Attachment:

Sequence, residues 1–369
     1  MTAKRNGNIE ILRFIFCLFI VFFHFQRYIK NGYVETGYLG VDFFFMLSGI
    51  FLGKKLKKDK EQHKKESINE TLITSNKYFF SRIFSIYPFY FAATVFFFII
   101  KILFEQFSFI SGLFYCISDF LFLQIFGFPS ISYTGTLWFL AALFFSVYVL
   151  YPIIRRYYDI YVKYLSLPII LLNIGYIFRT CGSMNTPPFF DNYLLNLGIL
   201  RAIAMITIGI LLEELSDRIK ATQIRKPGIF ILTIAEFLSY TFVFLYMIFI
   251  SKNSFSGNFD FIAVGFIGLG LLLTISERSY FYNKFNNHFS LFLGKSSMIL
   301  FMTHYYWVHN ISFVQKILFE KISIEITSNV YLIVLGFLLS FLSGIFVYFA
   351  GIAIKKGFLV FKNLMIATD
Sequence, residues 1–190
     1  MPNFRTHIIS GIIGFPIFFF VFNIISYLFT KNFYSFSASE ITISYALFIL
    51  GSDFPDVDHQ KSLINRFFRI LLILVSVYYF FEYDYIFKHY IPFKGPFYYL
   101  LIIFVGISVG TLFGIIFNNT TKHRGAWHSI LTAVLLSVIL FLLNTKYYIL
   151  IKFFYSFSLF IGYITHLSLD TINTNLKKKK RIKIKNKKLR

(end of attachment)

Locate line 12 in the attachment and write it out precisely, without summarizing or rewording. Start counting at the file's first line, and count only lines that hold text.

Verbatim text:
    51  GSDFPDVDHQ KSLINRFFRI LLILVSVYYF FEYDYIFKHY IPFKGPFYYL